The climate crisis is already having devastating effects on the public health of our communities, with communities historically subject to injustice feeling the brunt of them. We need to be prepared to support communities that are most likely to be impacted and therefore more vulnerable to asthma, food-borne illnesses, and heat-related impacts all worsened by climate change, weather unpredictability, and highly polluted air.
H.R. 516: Environmental Justice Screen and Mapping Act (Bush)
Creates an interagency environmental justice mapping committee as part of the effort to document environmental racism and ensure a minimum of 40% of upcoming environmental and economic investments go to support frontline communities.
H.R. 1705: Environmental Justice for All Act (Grijalva)
Creates a Federal Energy Transition Economic Development Assistance Fund, paid for through new fees on oil, gas and coal companies, to support communities and workers as they transition away from greenhouse gas-dependent economies; requires federal agencies to consider cumulative health impacts under the Clean Air Act and Clean Water Act when making permitting decisions and helps ensure that newly permitted projects do not harm human health; strengthens the Civil Rights Act to permit private citizens and organizations facing discrimination to seek legal remedies, and provides $75 million in annual grants for research and program development to reduce health disparities and improve public health in environmental justice communities.
H.Res 259: Resolution Expressing the Mental Health Impacts of Recurrent Climate-related Disasters on Youth (Thompson)
The resolution raises awareness about the:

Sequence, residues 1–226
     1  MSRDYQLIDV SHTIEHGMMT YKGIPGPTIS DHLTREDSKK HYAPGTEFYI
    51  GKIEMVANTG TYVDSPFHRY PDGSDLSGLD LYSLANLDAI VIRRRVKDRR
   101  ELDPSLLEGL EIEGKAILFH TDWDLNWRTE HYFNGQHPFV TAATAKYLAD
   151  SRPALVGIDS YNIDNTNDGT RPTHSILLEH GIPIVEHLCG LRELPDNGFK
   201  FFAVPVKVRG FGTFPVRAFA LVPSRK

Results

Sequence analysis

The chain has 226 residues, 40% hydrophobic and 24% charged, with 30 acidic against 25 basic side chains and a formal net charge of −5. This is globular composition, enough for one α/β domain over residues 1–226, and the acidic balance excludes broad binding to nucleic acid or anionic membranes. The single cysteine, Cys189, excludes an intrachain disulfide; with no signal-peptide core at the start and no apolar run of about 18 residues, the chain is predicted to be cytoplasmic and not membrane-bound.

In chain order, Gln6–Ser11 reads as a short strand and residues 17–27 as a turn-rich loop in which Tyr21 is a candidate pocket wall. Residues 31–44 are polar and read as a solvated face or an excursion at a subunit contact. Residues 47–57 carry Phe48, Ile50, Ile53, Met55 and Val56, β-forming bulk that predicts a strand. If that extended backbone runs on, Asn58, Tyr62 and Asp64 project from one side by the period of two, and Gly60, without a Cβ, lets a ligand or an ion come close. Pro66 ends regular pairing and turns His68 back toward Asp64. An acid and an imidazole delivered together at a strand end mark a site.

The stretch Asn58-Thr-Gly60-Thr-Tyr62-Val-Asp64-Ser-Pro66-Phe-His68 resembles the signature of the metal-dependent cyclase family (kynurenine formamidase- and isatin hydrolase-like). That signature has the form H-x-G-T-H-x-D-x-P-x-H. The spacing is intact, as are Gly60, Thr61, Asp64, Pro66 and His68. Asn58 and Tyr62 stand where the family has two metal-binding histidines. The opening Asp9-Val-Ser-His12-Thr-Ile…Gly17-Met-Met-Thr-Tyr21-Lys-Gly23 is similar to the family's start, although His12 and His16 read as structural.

Mental health pandemic of youth related to climate anxiety
Disproportionate impact of climate mental health issues on the youth in black, indigenous, and people of color communities
Calls for funding for resources to support the mental health of young people affected by the climate crisis.
Our reliance on fossil fuels has proven to be one of the biggest contributors to climate change. We must swiftly move towards energy sources that are net-zero carbon emitters, like wind, solar, and thermal energy. A combination of strong federal policy and robust investments will spur growth in the renewable energy economy, which will create millions of jobs across America, lower the cost of renewable solutions, and move us closer to achieving 100% net-zero emissions before it is too late.
This bill would prohibit utility companies from using ratepayer dollars to fund political activities, including the use of “dark money” to fund “ghost candidates,” hire private investigators to follow journalists, and influence news coverage to mislead voters and influence the outcome of elections. These utilities often are caught trying to halt the expansion of cleaner, cheaper energy like solar power and undermine the public interest